There may be more of a connection between music and the depths of our being than we previously realized. Jung made an interesting comment in support of this notion when Meg Tilly invited him to listen to her piano playing and witness her approach to music therapy. Tilly apparently felt that incorporation of music into Analytical Psychology would be of benefit, and sought to influence Jung on this matter. She was invited to KÃ¼snacht after contacting Jung to share her method with him. In regards to the experience, he remarked, “Music is dealing with such deep archetypal material and those who play don’t realize this. Yet, used therapeutically from this level, music should be an essential part of every analysis. [It] expresses in sounds what fantasies and visions express in visual images … music represents movement, development and transformation of motifs of the collective unconscious.”
From a depth view of psyche, we know that dreams, too, present a reliable touchstone for accessing the unconscious. To invite the energies of the soul to speak to us through dreaming, we may yearn to cultivate ways of bringing our imaginations alive. Just remembering dreams has a potent effect on our waking experience, but practice shows this isn’t enough. As any number of engaged, living studies of dreams show, our nightly sojourns provide us with missing keys to ourselves, and a larger life. They also provide us with a wealth of practical promptings towards wellness and a depth of understanding. Dreams have even been shown to speak towards finding our place within the ecology of the Earth in their invitations to recognize the inter-connectedness of all things: “Our dreams carry us beyond the limits of our ordinary distinctions and categorizations to reveal that we are indeed part of a web of being that expands in many different directions.” For this and so many other reasons, we’d do well to develop further ways to work and play with dreams, to foster a space for the imaginal in our lives.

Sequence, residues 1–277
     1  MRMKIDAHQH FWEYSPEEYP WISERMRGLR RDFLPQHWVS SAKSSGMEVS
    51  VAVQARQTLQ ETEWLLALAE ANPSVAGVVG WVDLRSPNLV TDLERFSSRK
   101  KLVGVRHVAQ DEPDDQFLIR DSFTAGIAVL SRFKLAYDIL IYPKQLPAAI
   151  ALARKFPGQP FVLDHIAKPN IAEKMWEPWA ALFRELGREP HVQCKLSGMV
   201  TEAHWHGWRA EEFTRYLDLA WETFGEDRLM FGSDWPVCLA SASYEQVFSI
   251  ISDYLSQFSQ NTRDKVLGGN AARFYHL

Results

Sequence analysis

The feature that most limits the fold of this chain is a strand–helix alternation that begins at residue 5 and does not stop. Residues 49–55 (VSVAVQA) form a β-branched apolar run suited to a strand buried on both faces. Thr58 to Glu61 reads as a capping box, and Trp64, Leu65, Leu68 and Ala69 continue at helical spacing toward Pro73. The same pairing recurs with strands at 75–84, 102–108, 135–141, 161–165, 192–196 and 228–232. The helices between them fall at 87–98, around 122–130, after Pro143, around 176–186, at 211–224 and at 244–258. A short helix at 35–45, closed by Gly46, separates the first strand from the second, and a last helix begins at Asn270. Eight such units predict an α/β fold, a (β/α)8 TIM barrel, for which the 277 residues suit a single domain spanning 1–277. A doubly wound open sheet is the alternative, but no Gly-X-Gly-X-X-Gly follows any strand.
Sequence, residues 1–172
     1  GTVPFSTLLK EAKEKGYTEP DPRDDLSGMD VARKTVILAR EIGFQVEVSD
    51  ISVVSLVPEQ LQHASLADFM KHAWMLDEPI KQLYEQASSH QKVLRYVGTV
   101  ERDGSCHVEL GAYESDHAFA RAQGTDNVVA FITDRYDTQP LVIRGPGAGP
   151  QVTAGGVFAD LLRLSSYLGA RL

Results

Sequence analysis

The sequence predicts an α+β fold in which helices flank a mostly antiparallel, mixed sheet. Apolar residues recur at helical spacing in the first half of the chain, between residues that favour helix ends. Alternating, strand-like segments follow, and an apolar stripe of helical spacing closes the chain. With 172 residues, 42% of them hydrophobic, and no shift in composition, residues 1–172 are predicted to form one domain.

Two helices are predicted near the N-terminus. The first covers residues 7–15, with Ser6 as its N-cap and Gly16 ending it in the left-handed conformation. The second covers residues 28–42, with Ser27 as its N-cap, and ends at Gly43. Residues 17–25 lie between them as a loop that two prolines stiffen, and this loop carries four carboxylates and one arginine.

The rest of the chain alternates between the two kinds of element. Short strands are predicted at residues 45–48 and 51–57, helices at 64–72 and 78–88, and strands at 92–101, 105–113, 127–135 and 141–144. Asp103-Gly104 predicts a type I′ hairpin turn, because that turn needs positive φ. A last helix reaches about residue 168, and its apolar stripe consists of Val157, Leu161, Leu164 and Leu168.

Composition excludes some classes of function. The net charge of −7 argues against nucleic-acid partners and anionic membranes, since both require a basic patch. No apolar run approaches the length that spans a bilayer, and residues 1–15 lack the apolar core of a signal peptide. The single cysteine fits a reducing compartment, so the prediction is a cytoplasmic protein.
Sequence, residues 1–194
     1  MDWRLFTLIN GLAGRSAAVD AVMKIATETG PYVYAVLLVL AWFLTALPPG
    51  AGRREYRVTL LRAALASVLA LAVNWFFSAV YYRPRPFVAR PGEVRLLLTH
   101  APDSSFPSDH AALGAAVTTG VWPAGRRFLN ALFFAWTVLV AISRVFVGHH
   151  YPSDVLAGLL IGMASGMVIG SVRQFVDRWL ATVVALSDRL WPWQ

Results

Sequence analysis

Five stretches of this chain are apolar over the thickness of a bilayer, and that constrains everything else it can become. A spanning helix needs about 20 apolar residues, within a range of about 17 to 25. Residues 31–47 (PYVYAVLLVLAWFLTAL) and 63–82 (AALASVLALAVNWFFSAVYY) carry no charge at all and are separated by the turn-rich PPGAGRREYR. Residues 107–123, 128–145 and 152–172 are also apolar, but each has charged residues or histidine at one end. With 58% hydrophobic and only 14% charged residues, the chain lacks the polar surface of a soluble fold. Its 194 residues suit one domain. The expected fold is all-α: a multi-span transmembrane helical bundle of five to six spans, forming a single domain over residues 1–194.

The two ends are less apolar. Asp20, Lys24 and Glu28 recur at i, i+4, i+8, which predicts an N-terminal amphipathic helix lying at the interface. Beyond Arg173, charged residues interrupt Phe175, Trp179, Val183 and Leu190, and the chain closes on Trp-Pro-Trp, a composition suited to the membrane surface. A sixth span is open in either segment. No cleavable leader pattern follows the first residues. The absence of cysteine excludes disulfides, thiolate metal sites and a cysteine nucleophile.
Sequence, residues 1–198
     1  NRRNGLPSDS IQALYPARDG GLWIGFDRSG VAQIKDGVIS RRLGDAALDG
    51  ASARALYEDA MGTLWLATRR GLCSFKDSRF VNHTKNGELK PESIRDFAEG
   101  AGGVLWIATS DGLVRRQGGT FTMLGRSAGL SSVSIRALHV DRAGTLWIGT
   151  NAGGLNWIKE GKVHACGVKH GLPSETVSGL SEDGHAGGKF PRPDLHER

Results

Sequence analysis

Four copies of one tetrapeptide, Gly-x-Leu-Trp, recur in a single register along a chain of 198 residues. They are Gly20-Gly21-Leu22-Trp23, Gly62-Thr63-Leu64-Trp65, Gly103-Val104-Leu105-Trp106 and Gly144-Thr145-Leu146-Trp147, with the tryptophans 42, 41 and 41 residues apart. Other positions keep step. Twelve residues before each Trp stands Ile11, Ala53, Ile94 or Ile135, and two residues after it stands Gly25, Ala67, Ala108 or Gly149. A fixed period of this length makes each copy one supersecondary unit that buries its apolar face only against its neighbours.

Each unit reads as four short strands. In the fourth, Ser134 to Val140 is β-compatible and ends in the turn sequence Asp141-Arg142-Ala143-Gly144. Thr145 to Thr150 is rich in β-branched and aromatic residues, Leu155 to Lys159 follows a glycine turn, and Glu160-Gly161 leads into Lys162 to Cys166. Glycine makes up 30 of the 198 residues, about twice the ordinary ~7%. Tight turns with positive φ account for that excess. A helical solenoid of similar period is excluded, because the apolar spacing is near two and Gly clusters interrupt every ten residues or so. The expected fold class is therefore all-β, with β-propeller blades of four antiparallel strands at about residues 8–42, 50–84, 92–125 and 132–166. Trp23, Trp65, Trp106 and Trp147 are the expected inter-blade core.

When one thinks of the bare necessities for survival, essentials such as food, shelter, water, clean air, and sleep are tantamount. It can be said that just as vital to survival is the cultivation of imagination—the art of dreaming. Even the most conservative dream researchers agree that dreaming serves the function of taking us through certain scenarios of experience to ‘rehearse’ up-coming events which we need to learn or practice. Indigenous cultures, like the Australian Aboriginal and North American Iroquois Peoples (among others), have understood for ages that dreams come to help us learn about what’s ahead, in life-sustaining ways. In a paradoxical twist of modernity, it seems that science and the old spiritual teachings have the potential to wrap around at the ends, during our time, to conjoin and agree—if not on precise meanings or applications, at least on a general sense of shared purpose for optimum survival.